“You meet a new person, you go with him and suddenly you get a whole new city. You go down new streets, you see houses you never saw before, past places you didn’t even know were there. Everything changes.” – Samuel R. Delany, Dhalgren
My first experience in Psychiatry was on the inpatient ward at the Veteran’s Hospital. Before the clerkship, I had very little knowledge of the specialty or experience working with veterans. There is a plethora of psychiatric stereotypes in pop culture, continuing skewed views based on historical perspectives and some from the not so distant past. While many people honor veterans for their incredible service to our country, I have also heard numerous others in the community using the term “crazy vet.”
Before my rotation began, I took a moment to attempt to expose my own biases – to visualize my city, streets and houses. Have I been buying into some of these stereotypes? What are my thoughts of these patients before I even arrive? Am I going to give them a fair shot? How can I help them? Transform them?
My psychiatry rotation, unlike the movies, did not involve lobotomies or straitjackets. There was no torture. There were just people who whole-heartedly wished to get their lives back on track. There were people who were searching deeply for meaning and drive to keep going, and, in some cases, simply were people with nowhere else to go. There were no “crazy vets.”
It was Saturday morning when our team was paged to see a patient in the emergency department. He was an army veteran, employed as a cook, with a complex medical history that made basic movement difficult. He lived in a state of chronic pain and declining health. Due to his weakness, he was unable to handle the heavy workload in the kitchen. Cooking was his passion ever since he started cooking in active duty. He would light up when you asked him about ingredients, recipes or the bustle of kitchen life. Because he could no longer cook, he felt there was no reason left to live. Tearfully, he confessed he was either going to kill himself or come to the emergency department. He made the decision to come to the emergency department for help.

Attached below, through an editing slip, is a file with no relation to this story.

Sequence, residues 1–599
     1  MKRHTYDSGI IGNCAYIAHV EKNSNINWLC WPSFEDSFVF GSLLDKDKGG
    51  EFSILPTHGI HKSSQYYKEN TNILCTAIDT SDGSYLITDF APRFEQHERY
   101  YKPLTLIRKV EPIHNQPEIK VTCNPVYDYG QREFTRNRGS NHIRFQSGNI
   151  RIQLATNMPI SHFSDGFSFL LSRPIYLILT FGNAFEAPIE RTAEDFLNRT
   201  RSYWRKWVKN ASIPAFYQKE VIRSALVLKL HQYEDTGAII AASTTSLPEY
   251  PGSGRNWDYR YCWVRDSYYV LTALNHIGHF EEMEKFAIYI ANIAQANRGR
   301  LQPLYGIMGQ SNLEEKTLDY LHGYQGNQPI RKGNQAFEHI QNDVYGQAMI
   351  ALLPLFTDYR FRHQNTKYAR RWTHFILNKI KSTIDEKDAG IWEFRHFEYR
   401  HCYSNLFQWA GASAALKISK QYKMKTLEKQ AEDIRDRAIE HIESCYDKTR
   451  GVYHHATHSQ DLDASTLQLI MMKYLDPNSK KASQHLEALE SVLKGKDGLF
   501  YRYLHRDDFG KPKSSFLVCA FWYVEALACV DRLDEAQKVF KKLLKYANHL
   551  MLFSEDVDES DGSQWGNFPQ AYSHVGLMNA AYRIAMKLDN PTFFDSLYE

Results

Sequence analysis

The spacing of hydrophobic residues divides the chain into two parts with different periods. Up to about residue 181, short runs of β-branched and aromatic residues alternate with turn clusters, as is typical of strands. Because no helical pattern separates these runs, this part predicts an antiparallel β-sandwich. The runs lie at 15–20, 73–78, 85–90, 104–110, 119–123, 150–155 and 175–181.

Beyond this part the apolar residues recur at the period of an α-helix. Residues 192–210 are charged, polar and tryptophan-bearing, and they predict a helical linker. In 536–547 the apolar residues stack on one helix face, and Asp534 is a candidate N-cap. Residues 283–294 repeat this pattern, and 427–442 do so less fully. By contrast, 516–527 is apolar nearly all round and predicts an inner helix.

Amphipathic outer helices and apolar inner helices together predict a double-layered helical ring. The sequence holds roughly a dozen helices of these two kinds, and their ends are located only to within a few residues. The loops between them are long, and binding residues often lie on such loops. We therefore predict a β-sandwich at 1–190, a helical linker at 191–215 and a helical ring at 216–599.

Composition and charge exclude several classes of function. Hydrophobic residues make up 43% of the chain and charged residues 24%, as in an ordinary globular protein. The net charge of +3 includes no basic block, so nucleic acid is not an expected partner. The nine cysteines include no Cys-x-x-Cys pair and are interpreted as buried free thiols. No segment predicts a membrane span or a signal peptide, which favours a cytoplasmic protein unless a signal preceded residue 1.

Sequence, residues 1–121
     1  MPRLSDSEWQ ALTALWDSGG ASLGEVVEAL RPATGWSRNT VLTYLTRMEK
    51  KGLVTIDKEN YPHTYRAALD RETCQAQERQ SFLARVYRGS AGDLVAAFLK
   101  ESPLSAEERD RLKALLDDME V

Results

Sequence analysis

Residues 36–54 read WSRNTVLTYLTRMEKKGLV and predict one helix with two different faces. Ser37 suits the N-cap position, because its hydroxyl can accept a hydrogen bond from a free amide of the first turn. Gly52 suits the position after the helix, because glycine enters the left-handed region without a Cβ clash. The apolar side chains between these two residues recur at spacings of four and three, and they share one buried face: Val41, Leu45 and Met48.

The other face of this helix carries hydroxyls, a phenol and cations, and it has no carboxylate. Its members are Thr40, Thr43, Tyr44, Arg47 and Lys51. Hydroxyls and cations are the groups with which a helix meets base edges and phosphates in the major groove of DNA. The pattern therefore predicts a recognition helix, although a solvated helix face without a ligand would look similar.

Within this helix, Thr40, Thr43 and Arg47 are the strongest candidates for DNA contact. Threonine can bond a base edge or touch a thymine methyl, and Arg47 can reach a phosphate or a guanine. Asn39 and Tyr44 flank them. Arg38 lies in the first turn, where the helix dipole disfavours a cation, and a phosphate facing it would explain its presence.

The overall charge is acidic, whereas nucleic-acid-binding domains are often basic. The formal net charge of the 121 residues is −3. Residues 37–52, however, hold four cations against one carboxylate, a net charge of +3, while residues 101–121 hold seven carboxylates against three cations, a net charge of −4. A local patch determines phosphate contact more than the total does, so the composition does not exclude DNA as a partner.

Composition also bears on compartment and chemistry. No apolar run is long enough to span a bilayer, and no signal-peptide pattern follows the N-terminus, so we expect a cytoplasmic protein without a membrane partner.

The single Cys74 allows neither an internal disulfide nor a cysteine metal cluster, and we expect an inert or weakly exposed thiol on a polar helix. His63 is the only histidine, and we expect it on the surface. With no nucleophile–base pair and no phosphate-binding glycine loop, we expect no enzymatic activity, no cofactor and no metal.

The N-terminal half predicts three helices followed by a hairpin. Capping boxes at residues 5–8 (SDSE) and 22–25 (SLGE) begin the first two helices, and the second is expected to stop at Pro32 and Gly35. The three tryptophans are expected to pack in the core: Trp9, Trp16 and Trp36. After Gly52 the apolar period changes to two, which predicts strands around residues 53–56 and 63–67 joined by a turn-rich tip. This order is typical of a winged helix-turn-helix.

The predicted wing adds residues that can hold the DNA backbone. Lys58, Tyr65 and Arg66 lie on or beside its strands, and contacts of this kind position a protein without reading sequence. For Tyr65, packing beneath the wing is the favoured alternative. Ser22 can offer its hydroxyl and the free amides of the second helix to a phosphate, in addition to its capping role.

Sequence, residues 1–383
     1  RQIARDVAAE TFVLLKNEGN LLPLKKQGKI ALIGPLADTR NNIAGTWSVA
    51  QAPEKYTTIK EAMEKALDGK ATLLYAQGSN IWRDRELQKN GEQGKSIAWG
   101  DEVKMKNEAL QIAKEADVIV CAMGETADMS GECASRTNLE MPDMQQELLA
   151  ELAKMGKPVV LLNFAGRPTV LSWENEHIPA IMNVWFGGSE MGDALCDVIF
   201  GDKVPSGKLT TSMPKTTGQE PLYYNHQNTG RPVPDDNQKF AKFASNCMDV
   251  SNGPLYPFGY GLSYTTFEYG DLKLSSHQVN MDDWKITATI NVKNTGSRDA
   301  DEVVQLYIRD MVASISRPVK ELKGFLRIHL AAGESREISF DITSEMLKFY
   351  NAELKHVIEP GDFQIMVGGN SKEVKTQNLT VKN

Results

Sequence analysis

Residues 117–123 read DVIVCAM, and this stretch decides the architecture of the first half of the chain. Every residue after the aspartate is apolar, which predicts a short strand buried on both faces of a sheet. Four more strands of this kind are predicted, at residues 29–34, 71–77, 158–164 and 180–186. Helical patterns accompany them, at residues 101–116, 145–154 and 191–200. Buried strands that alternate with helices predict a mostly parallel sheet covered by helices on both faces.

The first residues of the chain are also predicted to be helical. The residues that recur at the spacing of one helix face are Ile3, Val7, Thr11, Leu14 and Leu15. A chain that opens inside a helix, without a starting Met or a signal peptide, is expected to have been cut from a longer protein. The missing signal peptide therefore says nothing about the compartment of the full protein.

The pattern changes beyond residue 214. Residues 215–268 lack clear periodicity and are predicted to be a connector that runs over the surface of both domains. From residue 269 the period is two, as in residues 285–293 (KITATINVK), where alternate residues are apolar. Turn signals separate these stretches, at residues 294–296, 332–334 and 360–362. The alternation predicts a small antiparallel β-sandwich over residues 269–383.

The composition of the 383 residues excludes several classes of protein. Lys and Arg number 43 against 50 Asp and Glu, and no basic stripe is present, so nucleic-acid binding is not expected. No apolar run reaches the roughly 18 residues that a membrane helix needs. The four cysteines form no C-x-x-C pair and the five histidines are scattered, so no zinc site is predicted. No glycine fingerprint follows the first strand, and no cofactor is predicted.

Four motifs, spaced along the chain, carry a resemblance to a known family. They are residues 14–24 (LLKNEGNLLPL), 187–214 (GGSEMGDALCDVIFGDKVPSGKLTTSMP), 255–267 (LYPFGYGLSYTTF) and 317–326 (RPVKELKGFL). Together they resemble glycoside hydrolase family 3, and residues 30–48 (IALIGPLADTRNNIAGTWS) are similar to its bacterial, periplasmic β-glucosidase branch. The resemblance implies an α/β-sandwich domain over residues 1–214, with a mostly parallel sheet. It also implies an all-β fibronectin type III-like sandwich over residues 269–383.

After sitting with him and hearing his story, he decided to allow us to admit him. I was able to follow his care for the week. I watched him in one particular heart-felt session where he discovered many reasons to continue to live. I learned about his loves for reading, drawing, and playing with his grandson. We also assisted him in finding strategies to help cope with his numerous medical conditions. He started a new medication and attended group and occupational therapy.
He was able to safely discharge home after a few days of inpatient treatment. Before discharging, he gave me a beautifully hand-drawn color picture of a mill with the above quote from Samuel R. Delany on the back.
Despite the sessions, medication options, and coping skills, I am left thinking after my psychiatric rotation it is not me who transformed him. It was him who transformed me. My city will never look the same again.
Correction: April 18, 2017
A previous version of this blog included extraneous medical information. This information has been removed.
About Christina Hughey
Christina Hughey is a third year medical student at the University of Kansas School of Medicine. She is a Kansas native and earned her bachelor’s degree in nursing with a minor in applied behavior science in 2010 from the University of Kansas. She continues to work as a Registered Nurse in Inpatient Dialysis, where her patient care experiences inform her everyday practice of medicine. In her spare time, she serves as the Chair of the Student Government Association where she guides the university in policy decisions from a student perspective. She has gone on multiple international medical missions to Kenya, Belize, and Panama and volunteers at local underserved free health clinics for high risk youth and immigrant populations. She hopes to incorporate academic research into everyday practice as she was the recipient of an NIH T32 grant, which gave her the funding to complete an internship in the Alzheimer’s lab of Dr. Russell Swerdlow, MD. She ultimately aspires to serve Kansans as a critical care/pulmonary physician after completing an internal medicine residency and critical care/pulmonary fellowship.